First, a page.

Beyond Basic Motorcycle Training | Street Savvy

So, you've passed the Motorcycle Safety Foundation Basic Rider Course and there's a motorcycle endorsement on your license now. Your riding friends are all begging you to join them and you want to go, but are you really ready? The BRC teaches the fundamentals, which is great for anyone who's never ridden a motorcycle. But it can't prepare you for real-world traffic conditions. Fortunately, the MSF ( has added a new course to its curriculum. As the newest rider here at Motorcyclist, I got a chance to check it out.

The Street RiderCourse offers extensive training beyond the confines of a closed range. It’s being adopted at training sites such as the MSF-owned Discovery Rider Training Center in Long Beach, California. The SRC allows a maximum of three students per RiderCoach, or four students split between two coaches. Such small groups are ideal because they allow a more personalized experience. For someone like me who had never ridden with a group, it was an appropriate introduction.

Instruction begins with a brief classroom session followed by a spin around the parking lot before heading out onto the street. Each student gets a radio equipped with a helmet earpiece. The coach always leads, narrating what’s going on and pointing out potential dangers such as a car backing out of a driveway and telltale signs of children at play such as bicycles strewn across a lawn. The goal is to identify, evaluate and adapt your riding to potential hazards before they become big problems. Recognizing a potential hazard is just as important as knowing how to avoid it.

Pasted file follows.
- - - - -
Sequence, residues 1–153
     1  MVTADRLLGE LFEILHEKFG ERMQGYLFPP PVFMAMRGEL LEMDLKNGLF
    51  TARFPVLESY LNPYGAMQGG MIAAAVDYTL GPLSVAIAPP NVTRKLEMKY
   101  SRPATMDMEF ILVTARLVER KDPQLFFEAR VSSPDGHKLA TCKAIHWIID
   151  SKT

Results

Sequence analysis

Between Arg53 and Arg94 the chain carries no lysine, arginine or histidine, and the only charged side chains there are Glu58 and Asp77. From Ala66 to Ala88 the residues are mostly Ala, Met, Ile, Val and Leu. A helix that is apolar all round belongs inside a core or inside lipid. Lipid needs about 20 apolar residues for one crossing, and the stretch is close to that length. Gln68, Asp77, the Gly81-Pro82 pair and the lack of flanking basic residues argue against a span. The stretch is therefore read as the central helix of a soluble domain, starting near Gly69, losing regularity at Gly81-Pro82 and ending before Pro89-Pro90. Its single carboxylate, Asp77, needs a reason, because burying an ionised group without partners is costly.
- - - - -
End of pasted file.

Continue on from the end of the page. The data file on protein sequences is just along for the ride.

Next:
After a jaunt through a suburban neighborhood, our coach led us to the final portion of our ride: the big, bad 405 freeway. Cue the sweat beading on my forehead. But to my great surprise, riding with a group made me feel more confident, and our coach provided pointers that kept me aware and alert.

The SRC takes an entire day, and though prices vary by region, it typically costs about $250. The MSF recommends this course as a continuation to the BRC, and it’s taught in two parts: the SRC1 course, which is kept local, followed by the SRC2, which adds more challenging roads such as the freeway. Both are vital investments in your future, and are well worth looking into. Overall, I emerged a more confident, proficient rider, with crucial new skills that build on existing ones. I’ll be applying all of them on every one of my future rides.

Before riding, students take part in a classroom session. The RiderCoach plays a short video and distributes a handout that explains what the day will entail.
We were given time to digest the ride by stopping briefly at a parking lot. Here the RiderCoach explains the next route on the agenda, and what we might expect to come across.
During our ride through suburban neighborhoods we encountered various potential hazards, such as that truck full of garden clippings in the background.